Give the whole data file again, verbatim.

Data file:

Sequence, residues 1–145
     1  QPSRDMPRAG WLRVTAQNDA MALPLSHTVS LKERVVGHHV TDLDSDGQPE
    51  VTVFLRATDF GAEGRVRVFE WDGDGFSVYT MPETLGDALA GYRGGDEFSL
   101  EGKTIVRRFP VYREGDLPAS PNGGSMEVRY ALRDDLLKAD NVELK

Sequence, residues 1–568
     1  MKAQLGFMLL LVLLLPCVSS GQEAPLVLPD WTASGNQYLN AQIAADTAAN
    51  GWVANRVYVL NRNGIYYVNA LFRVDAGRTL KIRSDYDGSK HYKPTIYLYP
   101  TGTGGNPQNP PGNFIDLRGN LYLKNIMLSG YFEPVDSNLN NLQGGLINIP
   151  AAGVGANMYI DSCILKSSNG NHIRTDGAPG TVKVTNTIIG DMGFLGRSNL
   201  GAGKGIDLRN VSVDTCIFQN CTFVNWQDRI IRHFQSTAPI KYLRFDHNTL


Sequence, residues 1–145
     1  QPSRDMPRAG WLRVTAQNDA MALPLSHTVS LKERVVGHHV TDLDSDGQPE
    51  VTVFLRATDF GAEGRVRVFE WDGDGFSVYT MPETLGDALA GYRGGDEFSL
   101  EGKTIVRRFP VYREGDLPAS PNGGSMEVRY ALRDDLLKAD NVELK

Sequence, residues 1–568
     1  MKAQLGFMLL LVLLLPCVSS GQEAPLVLPD WTASGNQYLN AQIAADTAAN
    51  GWVANRVYVL NRNGIYYVNA LFRVDAGRTL KIRSDYDGSK HYKPTIYLYP
   101  TGTGGNPQNP PGNFIDLRGN LYLKNIMLSG YFEPVDSNLN NLQGGLINIP
   151  AAGVGANMYI DSCILKSSNG NHIRTDGAPG TVKVTNTIIG DMGFLGRSNL
   201  GAGKGIDLRN VSVDTCIFQN CTFVNWQDRI IRHFQSTAPI KYLRFDHNTL